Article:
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Church Housing Trust

Julia Bradbury presents an appeal on behalf of Church Housing Trust, a charity providing support to Britain's homeless people.


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Not long ago, these North London streets became my world.

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I was trying to experience homelessness for a documentary.

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Here we are.

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So, this was my spot.

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Now, I only slept rough for a week and I'm not pretending that

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I know what it's like to be homeless after such a short period of time.

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But it was the hardest thing, that I think I've ever done.

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After just a couple of nights of not sleeping properly,

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not eating properly and begging for money,

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I began to understand how hard life on the streets really is.

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You become physically and emotionally drained

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very, very quickly.

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You become grubby and you become invisible.

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After my brief experience, I decided I needed to get involved

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and learn more about homelessness.

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There's a charity that's funding exactly the kind of help that

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homeless people need to rebuild their lives.

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It's called Church Housing Trust.

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The charity's roots stretch back more than 100 years, offering

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shelter, food and work to homeless people from any faith or background.

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Homelessness can happen to anyone.

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Sometimes, it's not the people you'd expect.

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This is Richard.

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I'd led a pretty good life. I did some good jobs.

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I lived in a nice apartment.

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For the previous eight years, I'd actually been a full-time home dad.

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But then, Richard's marriage broke down

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and he found himself on the streets.

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When you come from quite a good standard of living, it can be

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quite traumatic.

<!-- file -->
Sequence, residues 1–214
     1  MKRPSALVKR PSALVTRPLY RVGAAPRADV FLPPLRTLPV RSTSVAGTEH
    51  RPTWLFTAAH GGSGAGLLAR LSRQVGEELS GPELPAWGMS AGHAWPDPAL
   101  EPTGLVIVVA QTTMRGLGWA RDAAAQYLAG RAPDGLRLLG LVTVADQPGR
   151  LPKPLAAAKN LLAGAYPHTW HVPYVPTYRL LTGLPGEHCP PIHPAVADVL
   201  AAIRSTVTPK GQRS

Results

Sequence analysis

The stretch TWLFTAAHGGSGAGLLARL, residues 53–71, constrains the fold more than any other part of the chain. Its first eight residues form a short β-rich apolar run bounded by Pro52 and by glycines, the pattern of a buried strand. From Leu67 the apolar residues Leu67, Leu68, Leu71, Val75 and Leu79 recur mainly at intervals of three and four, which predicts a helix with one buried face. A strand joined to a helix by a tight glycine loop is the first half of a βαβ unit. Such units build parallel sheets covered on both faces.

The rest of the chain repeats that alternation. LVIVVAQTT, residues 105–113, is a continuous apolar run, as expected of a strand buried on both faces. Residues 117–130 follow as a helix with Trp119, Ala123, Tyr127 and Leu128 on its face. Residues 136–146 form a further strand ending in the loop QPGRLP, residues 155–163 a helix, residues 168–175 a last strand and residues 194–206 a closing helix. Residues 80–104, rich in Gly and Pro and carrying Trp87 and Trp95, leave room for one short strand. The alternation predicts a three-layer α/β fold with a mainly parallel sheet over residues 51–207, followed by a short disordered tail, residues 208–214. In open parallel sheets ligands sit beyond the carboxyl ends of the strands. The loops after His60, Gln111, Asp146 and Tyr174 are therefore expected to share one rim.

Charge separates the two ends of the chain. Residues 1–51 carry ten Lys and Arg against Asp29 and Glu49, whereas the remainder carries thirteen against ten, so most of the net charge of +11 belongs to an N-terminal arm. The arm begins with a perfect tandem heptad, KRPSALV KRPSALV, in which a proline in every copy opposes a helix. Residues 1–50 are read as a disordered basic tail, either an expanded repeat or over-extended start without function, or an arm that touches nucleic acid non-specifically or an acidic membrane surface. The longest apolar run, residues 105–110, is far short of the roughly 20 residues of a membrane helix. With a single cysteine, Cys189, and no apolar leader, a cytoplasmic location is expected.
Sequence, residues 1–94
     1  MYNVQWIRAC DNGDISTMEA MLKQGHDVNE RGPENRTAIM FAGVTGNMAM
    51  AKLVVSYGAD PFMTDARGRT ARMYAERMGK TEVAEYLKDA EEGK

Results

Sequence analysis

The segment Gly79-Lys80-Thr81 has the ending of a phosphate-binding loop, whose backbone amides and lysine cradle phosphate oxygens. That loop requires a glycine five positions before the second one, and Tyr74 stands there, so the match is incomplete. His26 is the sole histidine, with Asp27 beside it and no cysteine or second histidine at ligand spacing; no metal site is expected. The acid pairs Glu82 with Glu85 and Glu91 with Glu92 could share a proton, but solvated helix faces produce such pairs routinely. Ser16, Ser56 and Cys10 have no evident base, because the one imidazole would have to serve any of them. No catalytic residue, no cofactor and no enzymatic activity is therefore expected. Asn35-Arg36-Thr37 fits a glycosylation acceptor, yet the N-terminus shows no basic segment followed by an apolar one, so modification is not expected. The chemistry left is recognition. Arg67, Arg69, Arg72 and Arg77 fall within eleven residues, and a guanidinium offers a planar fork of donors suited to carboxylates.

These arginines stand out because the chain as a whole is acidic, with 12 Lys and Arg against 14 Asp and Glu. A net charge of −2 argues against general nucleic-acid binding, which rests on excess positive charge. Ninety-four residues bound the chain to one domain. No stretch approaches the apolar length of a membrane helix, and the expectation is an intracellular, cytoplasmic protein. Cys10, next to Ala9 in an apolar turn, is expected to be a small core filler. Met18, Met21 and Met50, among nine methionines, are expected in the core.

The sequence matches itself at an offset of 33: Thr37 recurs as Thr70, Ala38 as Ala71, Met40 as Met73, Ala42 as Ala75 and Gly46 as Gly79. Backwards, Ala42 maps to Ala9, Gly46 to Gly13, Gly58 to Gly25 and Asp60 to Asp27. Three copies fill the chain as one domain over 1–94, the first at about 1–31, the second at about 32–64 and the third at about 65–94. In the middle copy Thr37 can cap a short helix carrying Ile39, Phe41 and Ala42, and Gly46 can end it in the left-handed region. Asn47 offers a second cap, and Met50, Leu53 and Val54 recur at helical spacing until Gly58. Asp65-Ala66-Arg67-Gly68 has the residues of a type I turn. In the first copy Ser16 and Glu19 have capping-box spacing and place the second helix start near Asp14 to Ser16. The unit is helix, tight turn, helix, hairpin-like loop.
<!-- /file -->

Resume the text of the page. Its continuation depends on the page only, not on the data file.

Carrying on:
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The big difference is, of course, there's no privacy,

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there's no safety or anything like that.

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You think, "Am I going to get moved? Am I going to get arrested?

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"Is someone going to attack me?"

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The most difficult bit, I think, was separation from my children.

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That was...

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Yeah.

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Absolutely devastating.

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Homelessness is a huge problem.

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All over the country, people are sleeping rough.

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And there are thousands more in temporary accommodation, too.

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Up until his mid-20s, Dave was serving in the army

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and owned a flat.

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But he struggled to cope with traumatic memories

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of his childhood spent in care.

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I left the army due to depression, you know,

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stuff coming back to haunt you sometimes.

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After he quit the army, Dave worked as a scaffolder,

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but soon he started using drugs and he ended up sleeping rough

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and in hostels for nearly eight years.

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Back then, it was a mixture of three things. It was hostels,

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sleeping rough and prison. But looking back on it just scares me.

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You know, the dangers it involves, you know,

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the risks you're putting yourself.

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The time when I was homeless, you know, it was quite violent.

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I look back now and I think, "My God, why did I do that for so long?'

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Dave finally decided to break the cycle and go into rehab.

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Now, he lives in a rented flat